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Zyx's avatar

PHP problem with && and possibly a malfuntioning array?

Asked by Zyx (4160points) October 29th, 2010

I have been working on this page for over a year now and I’m pretty sick of it but it was all going so well when I started…

I noticed I didn’t wrap my statements in () those things when using && but then again they do all get checked == against the same number (just 1, it’s a bunch of switches in an array)

if( $a[1]=1 && $a[2]==1 && $a[3]==1 ) { }
simplified but pretty much the deal

I was supposed to have four images and ony one showed up, and it’s in the wrong place. I also created a second array but left the first couple of values undefined.

for example

This project is massively… well, massive. So it would just be cruel to throw anyone else into it. But if any of the things I’ve mentioned might cause problems I’d like to know.

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3 Answers

funkdaddy's avatar

Unfortunately the examples above don’t really shed a lot of light without some additional information. Maybe we can help with some troubleshooting tips in general? A couple of things that come to mind…

> Have you tried making sure your array contains what you are expecting before your if statement? A great way to do that is the print_r function. Wrap it in html <pre> tags and it gives you a very readable output of your array without too much trouble.

> You may want to use the boolean true and false instead of 1 and 0 for your switches, unless that doesn’t fit logically, it can be easier to follow.

> Remember that with the the equal comparison (”==”) 0 evaluates to false, and basically any non-zero number will evaluate to true, if you need to make sure something is truly the number 0 or 1, you can use the identical comparison (”===”) to make sure… more info on comparisons

> The way you have your if statement set up, if any of your checks don’t equal 1, nothing inside your if statement will run, is that as you intended it?

> if you’re using a foreach loop, remember that the loop operates on a copy of the array, not the original. So any operations you do on each element will be performed on that copy and if your evaluating the original, they won’t be reflected

So for example
$array = array([‘something’] => 5);
foreach($array as $key => $value) {
$value = $value * 2;

echo $array[‘something’];

would show 5 instead of 10
With the number of people using PHP and the fact that arrays and the && operator were built in pretty early, it seems unlikely that there’s a problem with PHP. I’d take a closer look at your code and make sure everything is where you’re expecting it.

Good luck with it, I hope it all comes together.

lillycoyote's avatar

I don’t really know anything about this so all I can offer is my mother’s basic rule of thumb. This was something my mother said she often had to remind her student of and herself, sometimes and it was this: If you get to the end of some really complex formula or equation and you seemed to have arrived at the wrong answer it is, more often than not, not that you have done the higher level math wrong, but that somewhere along the line you added 2+2 and gotten 5. I’ve mentioned this one before but it has always seemed like good advice to me.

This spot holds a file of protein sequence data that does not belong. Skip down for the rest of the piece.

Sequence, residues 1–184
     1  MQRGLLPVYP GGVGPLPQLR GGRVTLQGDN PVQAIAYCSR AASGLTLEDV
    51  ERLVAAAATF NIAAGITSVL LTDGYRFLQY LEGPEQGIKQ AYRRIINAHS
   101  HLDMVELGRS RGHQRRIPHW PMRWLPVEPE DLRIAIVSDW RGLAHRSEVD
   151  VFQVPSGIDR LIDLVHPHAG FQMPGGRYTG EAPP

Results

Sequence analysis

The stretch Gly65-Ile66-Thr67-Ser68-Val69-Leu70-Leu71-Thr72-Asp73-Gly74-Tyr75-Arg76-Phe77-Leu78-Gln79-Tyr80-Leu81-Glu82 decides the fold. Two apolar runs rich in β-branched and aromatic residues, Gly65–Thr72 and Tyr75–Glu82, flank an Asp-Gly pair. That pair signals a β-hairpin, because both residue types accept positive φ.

So, is it possible that your problems could be the result of your having made one or more simple, careless errors along the way? It kind of seconds @funkdaddy when he said: “I’d take a closer look at your code and make sure everything is where you’re expecting it.

You may have convinced yourself that you are doing something the wrong way and focusing so much on that, that you’ve overlooked the possiblility that something may be in the wrong place. Could it be just one stupid little thing that you’ve overlooked? Sometimes big headaches come from stupid little things.

Zyx's avatar

It might be worth mentioning my arrays are two-dimensional

@lillycoyote I’ve already rethought and rewritten it several times and though the errors appear as though caused by a bad equation they seem good to me. And I have calculated all of it several times already.

@funkdaddy I didn’t mean to actually imply something wrong with PHP ;)
Don’t think I really need ===, since == has always done what I want it to perfectly.
It’s basically a map with six directions, so at every location I check these “directions”
like this:

if($a[$x][$y]==1){ There’s a road here, this part already works }}}

once again, simplififed, my “for” statements are fine. The landscape is formed by the roads so I have some equations to see where these are and thus what the state of the map is. Up until this point I know it works since I’ve printed these “roads” individually as well. The landscape isn’t forming properly though all I’ve been doing is placing these “roads” in if statements to check if more images ($v) need to be placed.


where $b is a counter and $d is there to compensate for newlines. I’m still worried I should be wrapping my $a[][] before using &&...

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